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One-off workforce review ‘not enough’, say healthcare groups

One-off workforce review ‘not enough’, say healthcare groups

Umbrella-groups have called for healthcare workforce requirements to be looked at annually after HEE yesterday announced a one-off review of workforce trends.

Minister for care Helen Whately commissioned HEE – working with NHS England and NHS Improvement, the Department for Health and Social Care, and Skills for Care – to review the current long-term strategic framework for the healthcare workforce, published in 2014.

They will look at ‘workforce demand and supply over the longer term’ – and how this may impact the required future workforce. Registered professionals working in social care, like nurses and occupational therapists, will be included for the first time ever.

But Sean O’Sullivan, Royal College of Midwives (RCM) head of health and social policy, urged HEE to look at workforce annually: ‘This is a moving target and that demands that any assessment is looked at again with fresh eyes every year so that immediate and pressing gaps can be identified and dealt with.’

Mr O’Sullivan also questioned why the Health and Care Bill – which was introduced to Parliament last week and aims to build on proposals set out in the NHS Long Term Plan – did not include ‘such a role’ for HEE, adding that the legislation ‘currently falls short of what is needed’.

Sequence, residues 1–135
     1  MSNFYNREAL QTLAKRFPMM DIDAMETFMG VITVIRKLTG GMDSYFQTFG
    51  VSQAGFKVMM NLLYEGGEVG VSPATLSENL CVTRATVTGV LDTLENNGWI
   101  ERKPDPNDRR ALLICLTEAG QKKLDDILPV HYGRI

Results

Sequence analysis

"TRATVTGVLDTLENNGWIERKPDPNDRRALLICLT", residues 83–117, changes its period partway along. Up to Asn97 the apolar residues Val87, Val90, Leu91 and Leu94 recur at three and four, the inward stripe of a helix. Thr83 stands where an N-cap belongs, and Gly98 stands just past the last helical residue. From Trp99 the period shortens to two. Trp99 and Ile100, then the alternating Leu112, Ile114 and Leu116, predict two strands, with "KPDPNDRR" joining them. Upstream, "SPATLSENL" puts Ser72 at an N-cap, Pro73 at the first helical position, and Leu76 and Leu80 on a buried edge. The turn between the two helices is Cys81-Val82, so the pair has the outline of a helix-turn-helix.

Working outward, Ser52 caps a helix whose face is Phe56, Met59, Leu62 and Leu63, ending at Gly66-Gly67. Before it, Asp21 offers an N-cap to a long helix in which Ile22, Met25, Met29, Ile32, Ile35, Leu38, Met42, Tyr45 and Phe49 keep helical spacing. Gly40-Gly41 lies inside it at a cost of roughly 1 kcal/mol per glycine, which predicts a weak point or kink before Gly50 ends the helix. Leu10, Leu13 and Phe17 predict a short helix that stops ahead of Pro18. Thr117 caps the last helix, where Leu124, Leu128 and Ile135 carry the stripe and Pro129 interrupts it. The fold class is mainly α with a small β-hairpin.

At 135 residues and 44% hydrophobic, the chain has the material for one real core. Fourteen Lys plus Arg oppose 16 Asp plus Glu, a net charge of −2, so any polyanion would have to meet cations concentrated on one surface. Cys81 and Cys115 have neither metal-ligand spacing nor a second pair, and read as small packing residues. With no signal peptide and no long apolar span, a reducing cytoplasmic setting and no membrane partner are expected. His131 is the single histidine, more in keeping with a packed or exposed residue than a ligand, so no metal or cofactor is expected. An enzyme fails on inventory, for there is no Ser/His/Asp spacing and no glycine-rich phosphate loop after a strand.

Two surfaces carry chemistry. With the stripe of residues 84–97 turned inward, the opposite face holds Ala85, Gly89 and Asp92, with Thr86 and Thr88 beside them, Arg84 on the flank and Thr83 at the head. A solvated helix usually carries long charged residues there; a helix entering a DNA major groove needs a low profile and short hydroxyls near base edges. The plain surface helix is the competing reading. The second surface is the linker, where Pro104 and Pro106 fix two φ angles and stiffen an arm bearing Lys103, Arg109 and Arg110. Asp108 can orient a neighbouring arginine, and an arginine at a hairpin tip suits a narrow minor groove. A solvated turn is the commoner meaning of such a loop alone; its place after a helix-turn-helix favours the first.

Chris Hopson, NHS Providers chief executive, agreed the review ‘can’t be a one off’. He added: ‘To deliver high quality, safe, patient care trusts need a regularly updated, fully-funded and costed, long-term workforce plan and government to regularly report progress against meeting that plan.’

Dr Navina Evans, HEE chief executive, said: ‘I’m delighted that HEE will lead the Strategic Framework for Health and Social Care Workforce, which will be a reference point and guide decisions on how the NHS and social care approaches problems and identifies solutions in the short, medium and long term.’

HEE said it will shortly issue a ‘call for evidence’ to identify factors with the greatest impact on demand for health and social care over the next 15 years, and what this means for workforce supply.

The RCM estimates that an extra 2,000 midwives are needed to provide optimum care, while the latest NHS vacancy figures from March 2021 show 34,678 registered nursing vacancies. Social is also experiencing chronic workforce problems, with one in ten nursing posts vacant in October last year.

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